by Sarah Nove (‘20)
After the unprecedented success of “Hamilton,” many doubted that any show would be able to rival its popularity. Though no production since has garnered the same mass following, “Dear Evan Hansen” has come close.
The show, which took home six Tony Awards in 2017 including Best New Musical, regularly performs for sold-out audiences filled with devoted fans. After seeing the show last month at Music Box Theatre, it’s easy to understand why that’s the case.
“Dear Evan Hansen” is the story of Evan, an awkward teen with social anxiety, who finds himself wrapped up in a web of lies regarding a fellow misfit’s suicide. The music beautifully captures the characters’ struggles and emotions, both lyrically and instrumentally. The story is nuanced and avoids pigeonholing the characters into black-and-white categories. This approach to character development forces the audience to think of the characters complexly and contemplate the morality of each character’s actions.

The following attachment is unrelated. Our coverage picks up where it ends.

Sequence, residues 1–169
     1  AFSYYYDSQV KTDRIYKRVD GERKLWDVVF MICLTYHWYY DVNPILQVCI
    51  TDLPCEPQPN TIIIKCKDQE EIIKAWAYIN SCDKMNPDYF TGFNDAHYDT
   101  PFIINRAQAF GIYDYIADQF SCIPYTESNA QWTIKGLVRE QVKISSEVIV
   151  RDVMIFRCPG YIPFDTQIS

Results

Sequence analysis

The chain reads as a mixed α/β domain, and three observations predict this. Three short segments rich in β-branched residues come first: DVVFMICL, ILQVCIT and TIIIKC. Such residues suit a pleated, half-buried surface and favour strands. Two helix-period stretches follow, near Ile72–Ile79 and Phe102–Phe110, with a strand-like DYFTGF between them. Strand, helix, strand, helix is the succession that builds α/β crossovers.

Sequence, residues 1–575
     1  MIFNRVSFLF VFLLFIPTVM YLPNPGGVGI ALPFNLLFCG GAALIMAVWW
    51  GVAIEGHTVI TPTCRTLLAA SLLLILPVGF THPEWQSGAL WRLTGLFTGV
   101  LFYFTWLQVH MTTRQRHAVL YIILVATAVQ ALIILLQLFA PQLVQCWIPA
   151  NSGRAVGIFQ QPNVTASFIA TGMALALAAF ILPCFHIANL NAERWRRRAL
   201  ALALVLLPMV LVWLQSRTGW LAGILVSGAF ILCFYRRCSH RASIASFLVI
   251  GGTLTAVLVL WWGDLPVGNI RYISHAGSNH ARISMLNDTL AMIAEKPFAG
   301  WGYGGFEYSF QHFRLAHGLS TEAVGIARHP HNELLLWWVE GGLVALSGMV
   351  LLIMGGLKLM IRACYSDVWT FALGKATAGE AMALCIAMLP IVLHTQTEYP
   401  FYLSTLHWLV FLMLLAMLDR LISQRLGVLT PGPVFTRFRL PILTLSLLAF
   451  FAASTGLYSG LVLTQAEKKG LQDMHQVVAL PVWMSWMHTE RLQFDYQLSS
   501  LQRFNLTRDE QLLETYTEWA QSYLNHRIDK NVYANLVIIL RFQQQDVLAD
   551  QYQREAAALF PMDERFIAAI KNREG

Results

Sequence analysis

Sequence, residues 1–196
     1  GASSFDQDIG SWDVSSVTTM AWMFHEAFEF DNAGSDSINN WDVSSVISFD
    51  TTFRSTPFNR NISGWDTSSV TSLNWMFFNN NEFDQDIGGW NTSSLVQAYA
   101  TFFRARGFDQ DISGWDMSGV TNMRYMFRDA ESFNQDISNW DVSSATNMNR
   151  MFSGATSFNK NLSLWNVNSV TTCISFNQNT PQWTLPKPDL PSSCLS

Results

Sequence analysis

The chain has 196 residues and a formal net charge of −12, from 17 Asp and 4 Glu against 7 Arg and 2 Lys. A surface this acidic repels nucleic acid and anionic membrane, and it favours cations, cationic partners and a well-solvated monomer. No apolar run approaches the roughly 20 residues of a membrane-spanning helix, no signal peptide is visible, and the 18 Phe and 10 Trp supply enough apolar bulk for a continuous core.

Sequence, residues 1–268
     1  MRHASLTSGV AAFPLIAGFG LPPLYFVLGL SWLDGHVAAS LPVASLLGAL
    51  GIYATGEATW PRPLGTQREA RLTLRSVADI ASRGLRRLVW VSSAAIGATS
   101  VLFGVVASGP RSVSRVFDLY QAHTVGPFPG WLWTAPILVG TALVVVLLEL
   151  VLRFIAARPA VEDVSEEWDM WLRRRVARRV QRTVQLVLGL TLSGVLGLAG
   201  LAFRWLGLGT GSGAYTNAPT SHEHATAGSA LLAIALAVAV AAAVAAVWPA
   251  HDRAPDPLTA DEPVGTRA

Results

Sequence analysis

One of the reasons why “Dear Evan Hansen” has such a large following is the broad range of meaningful topics it covers. The show confronts many issues that are often overlooked in popular media, including mental illness and severely dysfunctional families, with vulnerability and rawness.
My favorite example of this rawness is in Ben Platt’s acting. Platt, who plays Evan, showcases the unglamorous realities of mental illness. He often trembles, cries, and frantically shouts lines when Evan is feeling overwhelmed. Platt continuously expresses Evan’s anxiety through subtle body language, such as fiddling with the ends of his shirt or rubbing the back of his neck.
For people with anxiety, seeing Platt’s portrayal of Evan is like looking in a mirror. But even for people who don’t have anxiety, there is plenty to relate to in “Dear Evan Hansen.” By dealing with a broad spectrum of issues, the show gives everyone the chance to connect with the characters. This sense of connection between viewers and characters makes “Dear Evan Hansen” a must-see by reminding us all that we “are not alone.”